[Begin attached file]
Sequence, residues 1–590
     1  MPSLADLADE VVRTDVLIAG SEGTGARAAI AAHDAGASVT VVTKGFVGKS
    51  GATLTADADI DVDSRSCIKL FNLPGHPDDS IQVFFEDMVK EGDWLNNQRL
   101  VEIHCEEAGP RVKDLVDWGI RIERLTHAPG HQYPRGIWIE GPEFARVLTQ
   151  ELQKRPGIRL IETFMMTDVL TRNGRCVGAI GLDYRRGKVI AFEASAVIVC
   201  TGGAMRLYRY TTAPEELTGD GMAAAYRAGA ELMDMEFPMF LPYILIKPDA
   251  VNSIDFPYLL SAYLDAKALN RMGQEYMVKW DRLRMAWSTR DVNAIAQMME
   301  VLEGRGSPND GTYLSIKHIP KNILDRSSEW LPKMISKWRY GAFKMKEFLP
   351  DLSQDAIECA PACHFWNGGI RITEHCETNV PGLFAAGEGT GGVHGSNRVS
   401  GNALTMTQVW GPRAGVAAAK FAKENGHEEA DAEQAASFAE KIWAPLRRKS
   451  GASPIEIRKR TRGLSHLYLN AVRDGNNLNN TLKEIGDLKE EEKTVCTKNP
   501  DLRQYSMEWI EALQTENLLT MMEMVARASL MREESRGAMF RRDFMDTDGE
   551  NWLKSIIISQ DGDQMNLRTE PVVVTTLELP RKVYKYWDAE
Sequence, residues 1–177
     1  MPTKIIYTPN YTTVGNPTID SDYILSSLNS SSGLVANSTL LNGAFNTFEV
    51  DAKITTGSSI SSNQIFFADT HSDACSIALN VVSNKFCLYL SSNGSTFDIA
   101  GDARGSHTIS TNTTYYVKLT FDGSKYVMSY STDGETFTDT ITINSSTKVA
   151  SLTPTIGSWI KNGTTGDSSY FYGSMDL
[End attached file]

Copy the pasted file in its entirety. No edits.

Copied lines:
Sequence, residues 1–590
     1  MPSLADLADE VVRTDVLIAG SEGTGARAAI AAHDAGASVT VVTKGFVGKS
    51  GATLTADADI DVDSRSCIKL FNLPGHPDDS IQVFFEDMVK EGDWLNNQRL
   101  VEIHCEEAGP RVKDLVDWGI RIERLTHAPG HQYPRGIWIE GPEFARVLTQ
   151  ELQKRPGIRL IETFMMTDVL TRNGRCVGAI GLDYRRGKVI AFEASAVIVC
   201  TGGAMRLYRY TTAPEELTGD GMAAAYRAGA ELMDMEFPMF LPYILIKPDA
   251  VNSIDFPYLL SAYLDAKALN RMGQEYMVKW DRLRMAWSTR DVNAIAQMME
   301  VLEGRGSPND GTYLSIKHIP KNILDRSSEW LPKMISKWRY GAFKMKEFLP
   351  DLSQDAIECA PACHFWNGGI RITEHCETNV PGLFAAGEGT GGVHGSNRVS
   401  GNALTMTQVW GPRAGVAAAK FAKENGHEEA DAEQAASFAE KIWAPLRRKS
   451  GASPIEIRKR TRGLSHLYLN AVRDGNNLNN TLKEIGDLKE EEKTVCTKNP
   501  DLRQYSMEWI EALQTENLLT MMEMVARASL MREESRGAMF RRDFMDTDGE
   551  NWLKSIIISQ DGDQMNLRTE PVVVTTLELP RKVYKYWDAE
Sequence, residues 1–177
     1  MPTKIIYTPN YTTVGNPTID SDYILSSLNS SSGLVANSTL LNGAFNTFEV
    51  DAKITTGSSI SSNQIFFADT HSDACSIALN VVSNKFCLYL SSNGSTFDIA
   101  GDARGSHTIS TNTTYYVKLT FDGSKYVMSY STDGETFTDT ITINSSTKVA
   151  SLTPTIGSWI KNGTTGDSSY FYGSMDL